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You will not find it in financial statements nor in accounting ledgers. Yet, it’s a central idea in sound business decision-making, which should not be taken lightly. The opportunity cost is a virtual construct that could and should be applied in management as well as in finance, if not in daily life as well.

What is an opportunity cost?

In simple terms, when facing two choices, the opportunity cost is the missed potential gain from the choice that is NOT taken. It is an economical concept which can be applied for any decision making process at any organizational level: individual, department, company, or even an entire country.

Although frequently used for assessing financial outcomes, the said “cost” can represent potential gains which go far beyond the immediate financial terms. This may include aspects such as experience, quality, reputation, business prospect, and so on. Those aspects represent missed opportunities, hence the term ‘opportunity cost’.

While it could be used as a risk assessment tool in itself, it is highly encouraged to embed the concept of opportunity cost in one’s everyday thinking.

As an example, assume a company has a relatively successful high selling product for the past 3 years. Recently, a design flaw has been identified, and customer complaints started to build up with some number of warranty claims. In light of this situation, the managing team decides to meet, and two options have been identified:

1. Do nothing, revenues and gross profit are sufficiently high to offset any direct loss in warranty adjustments.

2. Accelerate the design and release of a new substitute product, with some disruption on sales volume.

This is a big decision, and several parameters are in play, including the economic environment of the company itself. In whichever choice, the loss of gains from the OTHER choice is what is considered the opportunity cost.

In this case, if the company opts for doing nothing, the opportunity costs could be the reputation damage, total cost of quality, and gradual decline in sales (on top of the currently minimal cost of warranty). Whilst if the company decides to accelerate the design of a new product, the opportunity cost would be a quick dip in sales (on top of the development and product release costs).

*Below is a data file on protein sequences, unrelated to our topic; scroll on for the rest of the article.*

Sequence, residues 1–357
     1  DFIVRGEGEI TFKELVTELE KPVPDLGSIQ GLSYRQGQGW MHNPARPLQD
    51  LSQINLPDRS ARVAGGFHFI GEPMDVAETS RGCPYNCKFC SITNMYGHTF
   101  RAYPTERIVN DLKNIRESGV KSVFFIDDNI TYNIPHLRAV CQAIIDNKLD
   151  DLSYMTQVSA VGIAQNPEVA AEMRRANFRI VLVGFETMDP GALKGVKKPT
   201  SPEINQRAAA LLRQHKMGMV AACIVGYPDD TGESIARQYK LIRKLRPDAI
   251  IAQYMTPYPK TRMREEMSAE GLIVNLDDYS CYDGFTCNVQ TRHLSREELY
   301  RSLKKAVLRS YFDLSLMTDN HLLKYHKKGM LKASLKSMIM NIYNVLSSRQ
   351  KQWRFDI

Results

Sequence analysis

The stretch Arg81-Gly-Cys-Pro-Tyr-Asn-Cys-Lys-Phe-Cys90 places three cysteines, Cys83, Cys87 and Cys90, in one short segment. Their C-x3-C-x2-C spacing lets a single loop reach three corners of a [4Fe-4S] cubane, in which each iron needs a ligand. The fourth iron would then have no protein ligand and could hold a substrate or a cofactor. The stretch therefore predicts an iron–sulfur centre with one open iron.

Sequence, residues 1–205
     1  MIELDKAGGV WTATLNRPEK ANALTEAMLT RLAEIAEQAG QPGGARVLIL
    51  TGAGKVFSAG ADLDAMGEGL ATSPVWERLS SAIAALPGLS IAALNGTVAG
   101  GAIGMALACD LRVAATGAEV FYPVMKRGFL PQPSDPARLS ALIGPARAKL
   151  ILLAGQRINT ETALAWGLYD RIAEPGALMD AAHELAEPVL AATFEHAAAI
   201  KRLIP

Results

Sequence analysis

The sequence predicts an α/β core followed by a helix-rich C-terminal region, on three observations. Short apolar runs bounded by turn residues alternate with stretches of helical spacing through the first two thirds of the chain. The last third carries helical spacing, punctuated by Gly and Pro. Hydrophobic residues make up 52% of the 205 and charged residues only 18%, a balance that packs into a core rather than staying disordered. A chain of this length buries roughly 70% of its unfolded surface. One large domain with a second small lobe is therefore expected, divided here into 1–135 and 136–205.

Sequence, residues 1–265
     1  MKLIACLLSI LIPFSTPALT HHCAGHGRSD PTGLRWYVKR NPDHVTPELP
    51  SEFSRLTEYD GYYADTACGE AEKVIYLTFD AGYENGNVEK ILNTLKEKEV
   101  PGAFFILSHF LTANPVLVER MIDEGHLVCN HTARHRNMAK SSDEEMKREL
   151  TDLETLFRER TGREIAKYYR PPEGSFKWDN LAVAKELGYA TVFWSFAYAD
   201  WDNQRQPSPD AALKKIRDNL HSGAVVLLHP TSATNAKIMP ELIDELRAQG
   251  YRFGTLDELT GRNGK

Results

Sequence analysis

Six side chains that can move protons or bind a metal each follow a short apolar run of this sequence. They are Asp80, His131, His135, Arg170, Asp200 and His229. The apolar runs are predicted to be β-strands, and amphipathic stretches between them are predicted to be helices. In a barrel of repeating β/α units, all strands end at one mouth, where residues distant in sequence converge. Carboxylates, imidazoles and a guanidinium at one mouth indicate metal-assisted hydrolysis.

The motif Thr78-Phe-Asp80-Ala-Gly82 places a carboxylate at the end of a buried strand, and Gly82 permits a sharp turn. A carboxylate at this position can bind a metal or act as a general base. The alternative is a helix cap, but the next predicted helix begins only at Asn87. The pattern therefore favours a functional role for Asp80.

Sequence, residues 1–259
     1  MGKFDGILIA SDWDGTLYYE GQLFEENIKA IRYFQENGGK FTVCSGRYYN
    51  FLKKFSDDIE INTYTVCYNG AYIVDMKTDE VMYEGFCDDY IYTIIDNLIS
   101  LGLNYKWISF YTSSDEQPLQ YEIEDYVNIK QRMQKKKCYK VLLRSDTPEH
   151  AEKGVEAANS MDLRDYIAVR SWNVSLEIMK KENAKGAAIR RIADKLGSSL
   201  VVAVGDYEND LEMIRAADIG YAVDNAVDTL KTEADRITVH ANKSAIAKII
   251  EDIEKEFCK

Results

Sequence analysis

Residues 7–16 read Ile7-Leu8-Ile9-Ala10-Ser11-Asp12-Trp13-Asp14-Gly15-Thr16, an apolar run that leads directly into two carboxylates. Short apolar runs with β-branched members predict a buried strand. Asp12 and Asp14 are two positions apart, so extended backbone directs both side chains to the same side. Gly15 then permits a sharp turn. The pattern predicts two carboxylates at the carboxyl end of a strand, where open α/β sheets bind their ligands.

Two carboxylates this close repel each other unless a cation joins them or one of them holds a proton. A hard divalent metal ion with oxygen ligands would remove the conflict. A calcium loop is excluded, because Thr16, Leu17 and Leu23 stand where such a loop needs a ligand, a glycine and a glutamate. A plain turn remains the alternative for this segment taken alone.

It is therefore most advisable to look at opportunity costs over a relevant stretch of time, to think of it as deciding between investments.

A high-school graduate who decides to skip university may save the tuition fees, on top of his income from work. However, on the longer term, his opportunity cost is the loss of potentially higher salaries from more advanced positions, which require a university degree.

Opportunity cost in finance

In the world of finance, where numbers dominate, there are two ways to look at opportunity cost:

1. During the evaluation of different investments, the opportunity cost constitutes the difference between the most profitable option and the one chosen.

As an example, if a company has the choice between investing in bonds vs. hiring more personnel to increase productivity, the difference in rates of return between those two choices constitutes the opportunity cost. While it seems easy to forecast, the actual differences, as most investors know, can only be correctly established in hindsight.

2. From a similar but larger point of view, when calculating the future returns of an investment, the applicable benchmark discount rate –in effect a form of interest rate- is considered the opportunity cost of capital. In other words, this discount rate represents the potential returns an investor could have gained elsewhere (e.g. saving deposits or other projects).

It is imperative that the investment’s rate of return be higher than this discount rate, otherwise, it is more beneficial to invest elsewhere, since the opportunity cost of capital would exceed the returns.

It is a virtual concept, yet its business implications can have an enormous impact, which sadly several executives overlook until it’s too late, resulting in enormous losses, and sometimes bankruptcies.

There are several reasons why we have a tendency to ignore opportunity costs: time pressure to execute a project, search for immediate results, unwillingness to study alternative options, overconfidence from past successes, and so on; all of which may, in a way or another, become a recipe for disaster.

​For better decision-making, managers are advised to thoroughly assess the complete costs vs. benefits of their different options, over different durations. They should as well encourage the diversity of opinions, and maintain a healthy level of doubt and critical thinking.


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